Attorney General Martha Coakley's Office Files Brief Asking the Massachusetts Supreme Judicial Court to Uphold the Constitutionality of Firearms Safety Laws in Massachusetts
This appeal provides the SJC with its first opportunity to address the impact of a May 2008 ruling by the United States Supreme Court in District of Columbia v. Heller on the Commonwealth's firearm laws. The Attorney General's brief, filed Tuesday, urges the SJC to interpret those laws in a way that will continue to protect the public from the unauthorized use of firearms but also recognize a gun owner's right to use a firearm for self-defense in the home.
The underlying case arises from a Lowell District Court judge's dismissal in October 2008 of an unsafe firearm storage charge that the Middlesex District Attorney filed against defendant Richard Runyan in April 2008. The trial judge held that the statute impermissibly interfered with Runyan's Second Amendment right to keep a weapon for self-defense in the home. The Attorney General's Brief argues that this decision was wrong because the Second Amendment does not restrict states' ability to protect public safety by regulating firearms, and the Massachusetts safe firearm storage law does not prevent the use of a firearm for self-defense in the home.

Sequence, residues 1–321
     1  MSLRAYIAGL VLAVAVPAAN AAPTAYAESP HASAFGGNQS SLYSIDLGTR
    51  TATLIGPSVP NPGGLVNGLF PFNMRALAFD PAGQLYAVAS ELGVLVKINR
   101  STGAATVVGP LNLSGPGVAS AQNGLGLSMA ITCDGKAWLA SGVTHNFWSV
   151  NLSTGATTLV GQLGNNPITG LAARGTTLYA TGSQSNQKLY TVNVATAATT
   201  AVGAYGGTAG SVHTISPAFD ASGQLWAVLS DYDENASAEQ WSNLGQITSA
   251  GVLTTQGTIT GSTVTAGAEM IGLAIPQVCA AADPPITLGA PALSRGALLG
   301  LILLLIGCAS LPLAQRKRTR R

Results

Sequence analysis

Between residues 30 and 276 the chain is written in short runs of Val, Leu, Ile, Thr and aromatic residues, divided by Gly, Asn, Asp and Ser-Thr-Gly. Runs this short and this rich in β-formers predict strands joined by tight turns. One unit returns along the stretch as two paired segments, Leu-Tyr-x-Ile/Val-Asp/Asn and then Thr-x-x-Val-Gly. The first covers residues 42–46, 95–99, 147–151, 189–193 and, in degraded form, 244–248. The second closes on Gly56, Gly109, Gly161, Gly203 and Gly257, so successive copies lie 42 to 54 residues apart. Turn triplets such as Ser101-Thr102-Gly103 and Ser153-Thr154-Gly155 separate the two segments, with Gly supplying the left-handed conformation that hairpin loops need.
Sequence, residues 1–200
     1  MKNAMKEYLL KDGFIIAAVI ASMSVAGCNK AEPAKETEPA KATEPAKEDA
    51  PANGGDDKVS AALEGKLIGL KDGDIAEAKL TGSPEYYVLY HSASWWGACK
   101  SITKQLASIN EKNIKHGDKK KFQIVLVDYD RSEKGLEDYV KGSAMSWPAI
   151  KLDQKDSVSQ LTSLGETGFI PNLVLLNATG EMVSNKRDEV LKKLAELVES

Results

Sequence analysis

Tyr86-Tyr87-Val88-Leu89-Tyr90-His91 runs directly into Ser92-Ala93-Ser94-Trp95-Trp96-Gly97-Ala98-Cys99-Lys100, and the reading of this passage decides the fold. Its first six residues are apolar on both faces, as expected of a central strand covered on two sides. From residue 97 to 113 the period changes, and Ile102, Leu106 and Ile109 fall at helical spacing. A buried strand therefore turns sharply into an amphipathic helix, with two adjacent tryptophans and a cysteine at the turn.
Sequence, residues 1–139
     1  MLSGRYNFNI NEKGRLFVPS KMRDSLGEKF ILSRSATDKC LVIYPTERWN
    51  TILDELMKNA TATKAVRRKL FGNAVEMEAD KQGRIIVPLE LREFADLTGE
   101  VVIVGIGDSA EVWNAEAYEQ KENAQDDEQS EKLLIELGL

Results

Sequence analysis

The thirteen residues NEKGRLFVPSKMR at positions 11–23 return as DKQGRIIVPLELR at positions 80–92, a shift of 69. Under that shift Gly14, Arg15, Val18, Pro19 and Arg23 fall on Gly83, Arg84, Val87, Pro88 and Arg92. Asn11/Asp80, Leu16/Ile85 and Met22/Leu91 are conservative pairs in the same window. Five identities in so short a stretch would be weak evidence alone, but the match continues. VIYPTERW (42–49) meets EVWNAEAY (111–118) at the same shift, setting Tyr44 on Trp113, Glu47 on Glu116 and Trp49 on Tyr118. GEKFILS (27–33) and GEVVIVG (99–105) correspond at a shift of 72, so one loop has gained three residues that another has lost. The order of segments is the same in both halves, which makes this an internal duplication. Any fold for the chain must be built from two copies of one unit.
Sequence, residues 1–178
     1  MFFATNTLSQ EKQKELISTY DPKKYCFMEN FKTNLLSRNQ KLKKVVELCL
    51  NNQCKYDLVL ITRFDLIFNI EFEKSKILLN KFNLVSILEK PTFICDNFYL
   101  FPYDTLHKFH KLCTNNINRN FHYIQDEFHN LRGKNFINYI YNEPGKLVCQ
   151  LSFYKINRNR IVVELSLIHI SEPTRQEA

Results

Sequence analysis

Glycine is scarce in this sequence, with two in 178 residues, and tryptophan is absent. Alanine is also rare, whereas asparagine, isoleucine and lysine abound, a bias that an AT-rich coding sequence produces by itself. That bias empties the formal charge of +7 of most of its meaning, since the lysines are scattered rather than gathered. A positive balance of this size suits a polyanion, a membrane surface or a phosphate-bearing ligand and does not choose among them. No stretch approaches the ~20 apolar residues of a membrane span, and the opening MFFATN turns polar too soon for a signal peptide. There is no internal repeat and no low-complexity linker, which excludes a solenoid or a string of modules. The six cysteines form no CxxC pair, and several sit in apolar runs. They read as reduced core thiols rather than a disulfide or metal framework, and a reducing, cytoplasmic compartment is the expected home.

The Attorney General's brief was authored by Assistant Attorneys General James Arguin, Chief of Attorney General Coakley's Appeals Division, and Pamela Hunt, also of the Appeals Division. The brief was joined by District Attorneys, the Massachusetts Executive Office of Public Safety and Security, the Massachusetts Executive Office of Health and Human Services, and the Massachusetts Department of Public Health.
To view the Attorney General's Amicus brief click here.